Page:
• Stress incontinence: Urine leaks when you laugh, cough, sneeze, exercise, or exert yourself in any way that puts pressure on your bladder. This is the most common type of incontinence and can almost always be successfully treated.
    • Urge incontinence: You experience sudden and powerful urges to urinate that often result in an accident. An overactive bladder—one that contracts when you don't want it to—is usually the cause and may be due to anything from an infection to damaged nerves. In men, this type of urgency may be a sign of an enlarged prostate. It can also be an early sign of bladder cancer.
    • Mixed incontinence: You experience both stress and urge incontinence.
    • Overflow incontinence: You frequently leak small amounts of urine but are unable to completely empty your bladder when you try. This is usually caused by a blockage of some sort, such as an enlarged prostate in men, but may also be caused by weak bladder muscles.
    • Functional incontinence: You have relatively normal urine control but can't get to the bathroom in time because of a physical limitation or the inability to recognize the need to go. It usually affects older people who have a hard time getting around, people with dementia, and people with disabilities.
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  • 3 Answers
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    A , OBGYN (Obstetrics & Gynecology), answered
    Obesity can be associated with an increased risk of stress urinary incontinence (SUI). Urinary incontinence of the stress variety is generally due to a weakness of the muscles, which support the bladder and pelvic organs, as well as a tearing of the connective tissue. The greater the pressure in your abdominal cavity the greater the pressure on your pelvic organs, including your bladder, which raises the possibility of leakage. One of the most common reasons for higher pressure in the abdomen is increased body weight. 

    Other causes, in addition to weight, for SUI is a weakened pelvic floor because of prior childbirth, pelvic surgery and menopause.

    The most important thing to remember is to see your physician, (urogynecologist or urologist) in order to diagnose your type(s) of incontinence, to design a treatment plan for you to address your specific problem.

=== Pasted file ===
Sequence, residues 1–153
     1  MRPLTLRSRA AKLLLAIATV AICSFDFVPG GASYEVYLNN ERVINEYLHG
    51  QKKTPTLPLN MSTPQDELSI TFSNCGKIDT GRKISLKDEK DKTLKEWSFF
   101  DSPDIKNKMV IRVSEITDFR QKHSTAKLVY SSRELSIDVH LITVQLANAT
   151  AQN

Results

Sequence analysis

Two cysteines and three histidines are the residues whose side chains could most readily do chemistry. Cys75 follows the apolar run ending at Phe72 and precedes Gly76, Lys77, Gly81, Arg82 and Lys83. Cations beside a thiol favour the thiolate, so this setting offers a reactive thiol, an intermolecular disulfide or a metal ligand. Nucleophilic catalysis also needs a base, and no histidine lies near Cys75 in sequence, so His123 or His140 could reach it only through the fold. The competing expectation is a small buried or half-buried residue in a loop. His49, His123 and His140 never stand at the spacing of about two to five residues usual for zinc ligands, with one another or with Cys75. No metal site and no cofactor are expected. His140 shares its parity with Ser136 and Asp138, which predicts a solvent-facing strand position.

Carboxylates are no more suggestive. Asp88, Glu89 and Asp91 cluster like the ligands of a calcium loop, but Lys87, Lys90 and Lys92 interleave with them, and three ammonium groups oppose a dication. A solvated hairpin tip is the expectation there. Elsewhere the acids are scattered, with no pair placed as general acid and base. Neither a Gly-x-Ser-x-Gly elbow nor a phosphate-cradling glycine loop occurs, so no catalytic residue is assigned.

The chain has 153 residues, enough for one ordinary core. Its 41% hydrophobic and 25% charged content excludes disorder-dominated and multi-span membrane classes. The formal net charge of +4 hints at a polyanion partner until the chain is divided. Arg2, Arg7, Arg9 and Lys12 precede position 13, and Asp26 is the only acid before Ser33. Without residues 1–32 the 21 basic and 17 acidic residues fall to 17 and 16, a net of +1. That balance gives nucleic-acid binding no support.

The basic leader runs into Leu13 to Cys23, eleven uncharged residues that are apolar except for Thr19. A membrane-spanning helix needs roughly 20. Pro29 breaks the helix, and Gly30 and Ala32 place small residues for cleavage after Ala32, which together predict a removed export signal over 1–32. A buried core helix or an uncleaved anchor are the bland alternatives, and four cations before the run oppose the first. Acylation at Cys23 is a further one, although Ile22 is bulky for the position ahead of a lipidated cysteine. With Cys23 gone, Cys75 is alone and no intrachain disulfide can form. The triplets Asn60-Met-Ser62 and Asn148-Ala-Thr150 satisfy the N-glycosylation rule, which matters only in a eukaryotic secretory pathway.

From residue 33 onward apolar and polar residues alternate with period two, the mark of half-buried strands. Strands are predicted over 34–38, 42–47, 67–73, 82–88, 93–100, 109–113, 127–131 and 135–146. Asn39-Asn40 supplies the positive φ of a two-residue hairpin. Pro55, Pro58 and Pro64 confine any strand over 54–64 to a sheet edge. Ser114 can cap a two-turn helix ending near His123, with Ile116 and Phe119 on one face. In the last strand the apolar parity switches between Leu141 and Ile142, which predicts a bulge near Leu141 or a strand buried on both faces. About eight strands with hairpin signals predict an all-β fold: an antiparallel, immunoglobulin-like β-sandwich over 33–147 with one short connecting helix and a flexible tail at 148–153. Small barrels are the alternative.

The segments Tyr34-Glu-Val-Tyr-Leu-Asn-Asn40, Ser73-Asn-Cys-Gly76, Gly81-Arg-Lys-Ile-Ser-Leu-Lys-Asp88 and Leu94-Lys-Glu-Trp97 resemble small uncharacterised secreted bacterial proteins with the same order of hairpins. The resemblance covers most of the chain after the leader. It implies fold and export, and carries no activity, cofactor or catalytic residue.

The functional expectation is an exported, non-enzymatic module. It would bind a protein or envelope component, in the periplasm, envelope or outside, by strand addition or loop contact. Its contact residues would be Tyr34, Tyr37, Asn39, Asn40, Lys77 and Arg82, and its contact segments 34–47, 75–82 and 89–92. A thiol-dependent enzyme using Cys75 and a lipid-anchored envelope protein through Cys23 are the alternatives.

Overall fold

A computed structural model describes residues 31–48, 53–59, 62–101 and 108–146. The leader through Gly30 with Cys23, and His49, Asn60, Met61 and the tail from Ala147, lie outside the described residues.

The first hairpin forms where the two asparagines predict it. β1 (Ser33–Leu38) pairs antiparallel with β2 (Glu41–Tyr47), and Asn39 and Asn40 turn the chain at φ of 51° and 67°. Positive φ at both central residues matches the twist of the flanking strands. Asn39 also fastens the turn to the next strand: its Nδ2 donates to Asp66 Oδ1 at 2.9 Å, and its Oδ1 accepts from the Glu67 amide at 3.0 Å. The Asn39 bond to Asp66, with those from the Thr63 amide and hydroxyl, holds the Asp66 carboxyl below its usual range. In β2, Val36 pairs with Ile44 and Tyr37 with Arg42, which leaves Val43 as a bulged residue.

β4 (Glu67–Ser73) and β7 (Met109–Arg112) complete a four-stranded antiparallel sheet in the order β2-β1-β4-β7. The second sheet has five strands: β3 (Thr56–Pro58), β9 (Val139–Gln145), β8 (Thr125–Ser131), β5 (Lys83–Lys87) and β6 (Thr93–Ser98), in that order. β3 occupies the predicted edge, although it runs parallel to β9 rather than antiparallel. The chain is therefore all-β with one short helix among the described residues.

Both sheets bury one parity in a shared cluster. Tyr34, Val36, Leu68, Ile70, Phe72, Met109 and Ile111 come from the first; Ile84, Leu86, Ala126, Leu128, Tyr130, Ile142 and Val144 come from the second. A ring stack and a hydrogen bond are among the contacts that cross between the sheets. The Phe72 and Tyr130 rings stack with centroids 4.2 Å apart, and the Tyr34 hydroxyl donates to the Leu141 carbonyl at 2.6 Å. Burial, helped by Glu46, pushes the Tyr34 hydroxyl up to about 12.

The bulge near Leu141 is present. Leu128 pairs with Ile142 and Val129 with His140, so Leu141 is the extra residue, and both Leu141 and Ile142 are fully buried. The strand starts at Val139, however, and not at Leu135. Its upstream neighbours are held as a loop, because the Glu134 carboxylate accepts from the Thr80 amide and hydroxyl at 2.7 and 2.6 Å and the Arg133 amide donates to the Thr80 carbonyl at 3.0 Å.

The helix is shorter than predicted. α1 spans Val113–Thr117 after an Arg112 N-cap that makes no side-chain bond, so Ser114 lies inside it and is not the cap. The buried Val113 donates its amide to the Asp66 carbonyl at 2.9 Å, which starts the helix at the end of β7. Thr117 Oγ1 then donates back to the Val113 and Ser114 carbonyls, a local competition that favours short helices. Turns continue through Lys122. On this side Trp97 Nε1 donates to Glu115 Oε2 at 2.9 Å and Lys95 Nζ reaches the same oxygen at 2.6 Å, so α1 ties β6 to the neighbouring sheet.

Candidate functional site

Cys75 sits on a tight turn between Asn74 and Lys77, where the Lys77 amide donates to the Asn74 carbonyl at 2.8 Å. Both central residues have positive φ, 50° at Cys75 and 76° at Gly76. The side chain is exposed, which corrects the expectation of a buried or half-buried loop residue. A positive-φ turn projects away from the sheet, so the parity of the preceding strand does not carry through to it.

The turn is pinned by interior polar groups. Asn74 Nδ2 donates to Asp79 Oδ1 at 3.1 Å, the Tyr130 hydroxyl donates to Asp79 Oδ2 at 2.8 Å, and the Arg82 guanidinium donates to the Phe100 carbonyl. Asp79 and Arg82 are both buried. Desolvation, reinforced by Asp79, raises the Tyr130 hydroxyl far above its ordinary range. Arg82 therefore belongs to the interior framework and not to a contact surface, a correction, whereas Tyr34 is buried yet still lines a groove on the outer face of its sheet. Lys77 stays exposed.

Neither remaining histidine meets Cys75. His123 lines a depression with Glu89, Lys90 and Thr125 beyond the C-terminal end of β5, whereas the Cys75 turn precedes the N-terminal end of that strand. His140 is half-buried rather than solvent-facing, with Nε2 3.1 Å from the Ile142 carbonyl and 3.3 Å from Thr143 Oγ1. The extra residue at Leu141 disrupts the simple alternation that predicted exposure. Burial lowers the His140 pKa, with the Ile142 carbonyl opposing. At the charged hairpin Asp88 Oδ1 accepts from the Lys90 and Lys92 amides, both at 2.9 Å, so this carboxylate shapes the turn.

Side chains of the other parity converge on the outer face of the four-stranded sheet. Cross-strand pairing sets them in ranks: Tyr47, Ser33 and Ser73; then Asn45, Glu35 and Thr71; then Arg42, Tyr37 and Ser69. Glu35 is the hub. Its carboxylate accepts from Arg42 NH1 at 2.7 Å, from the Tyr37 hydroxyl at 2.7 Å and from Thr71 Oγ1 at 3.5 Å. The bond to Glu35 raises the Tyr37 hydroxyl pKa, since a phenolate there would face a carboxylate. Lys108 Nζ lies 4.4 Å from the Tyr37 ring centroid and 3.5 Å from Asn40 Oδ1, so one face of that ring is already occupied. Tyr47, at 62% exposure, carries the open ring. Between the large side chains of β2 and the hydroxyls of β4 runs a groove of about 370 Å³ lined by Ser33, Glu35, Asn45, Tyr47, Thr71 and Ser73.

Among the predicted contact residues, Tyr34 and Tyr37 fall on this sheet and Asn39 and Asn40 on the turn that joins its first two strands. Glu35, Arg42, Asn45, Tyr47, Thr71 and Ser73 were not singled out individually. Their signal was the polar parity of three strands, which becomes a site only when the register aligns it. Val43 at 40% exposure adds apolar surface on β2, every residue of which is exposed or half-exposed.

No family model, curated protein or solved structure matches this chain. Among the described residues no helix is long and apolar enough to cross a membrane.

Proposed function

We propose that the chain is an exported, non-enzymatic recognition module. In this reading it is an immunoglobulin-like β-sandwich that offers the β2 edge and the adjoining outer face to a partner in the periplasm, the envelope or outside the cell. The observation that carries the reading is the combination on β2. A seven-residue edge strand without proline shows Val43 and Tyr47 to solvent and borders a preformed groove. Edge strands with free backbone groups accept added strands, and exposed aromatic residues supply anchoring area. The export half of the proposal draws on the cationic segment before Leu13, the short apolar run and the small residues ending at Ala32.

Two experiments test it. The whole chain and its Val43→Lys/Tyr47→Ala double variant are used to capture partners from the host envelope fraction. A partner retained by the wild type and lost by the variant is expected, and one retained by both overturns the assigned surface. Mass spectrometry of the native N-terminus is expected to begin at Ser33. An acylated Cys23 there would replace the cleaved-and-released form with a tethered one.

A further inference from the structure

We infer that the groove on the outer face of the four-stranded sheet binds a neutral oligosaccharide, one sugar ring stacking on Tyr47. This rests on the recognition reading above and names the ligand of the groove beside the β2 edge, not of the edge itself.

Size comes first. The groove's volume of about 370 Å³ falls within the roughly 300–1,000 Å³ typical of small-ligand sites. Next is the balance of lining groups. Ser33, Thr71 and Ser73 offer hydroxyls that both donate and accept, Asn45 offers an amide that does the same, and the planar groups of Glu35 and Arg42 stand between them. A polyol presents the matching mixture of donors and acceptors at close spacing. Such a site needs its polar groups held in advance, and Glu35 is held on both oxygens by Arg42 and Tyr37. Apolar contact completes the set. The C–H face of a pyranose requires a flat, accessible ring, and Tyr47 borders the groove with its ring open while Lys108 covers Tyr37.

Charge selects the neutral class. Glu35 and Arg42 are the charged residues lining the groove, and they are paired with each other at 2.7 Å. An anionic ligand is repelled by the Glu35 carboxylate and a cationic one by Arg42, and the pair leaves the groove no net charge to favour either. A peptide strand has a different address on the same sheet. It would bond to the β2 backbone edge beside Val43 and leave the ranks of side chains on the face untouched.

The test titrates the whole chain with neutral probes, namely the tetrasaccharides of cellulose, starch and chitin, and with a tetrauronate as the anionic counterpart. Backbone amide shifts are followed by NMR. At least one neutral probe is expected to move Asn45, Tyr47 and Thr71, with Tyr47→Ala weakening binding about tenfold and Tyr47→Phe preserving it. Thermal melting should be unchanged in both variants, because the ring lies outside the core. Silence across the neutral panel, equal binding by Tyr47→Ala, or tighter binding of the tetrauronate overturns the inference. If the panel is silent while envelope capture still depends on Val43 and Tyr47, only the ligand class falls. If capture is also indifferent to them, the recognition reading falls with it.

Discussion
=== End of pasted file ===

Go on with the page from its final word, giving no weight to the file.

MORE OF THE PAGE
In any case, we do know that decreasing your weight over time will decrease the pressure on your pelvic floor and bladder, and improve the stress incontinence in most cases.
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    A , OBGYN (Obstetrics & Gynecology), answered

    The most common fluids that can cause problems with urinary incontinence are caffeinated drinks and carbonated drinks.  Both of these fluids can cause a significant amount of bladder urgency, bladder frequency, and bladder spasms. 

     

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  • 10 Answers
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    A , Internal Medicine, answered
    Urinary incontinence is a fancy name for the accidental release of urine. It comes about when something interferes with the control of urine. You can have trouble holding it in (urge incontinence), you can get up a zillion times during the night (nocturia) and dribble on underwear, and/or every cough or sneeze can leave a little surprise (stress incontinence).
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  • 5 Answers
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    The interplay necessary between the brain, nervous system, bladder, sphincters and pelvic floor muscles in order to control bladder function is very complex. When any component of the system controlling bladder function loses normal function, urinary control can be affected. Neural injury, damage to the bladder, sphincters, supporting structures and even the pelvic floor can all lead to incontinence. Age, surgery, childbirth or related illness can contribute toward incontinence, as well.

    The symptoms of urinary incontinence may resemble other conditions or medical problems. Always consult your physician for a diagnosis.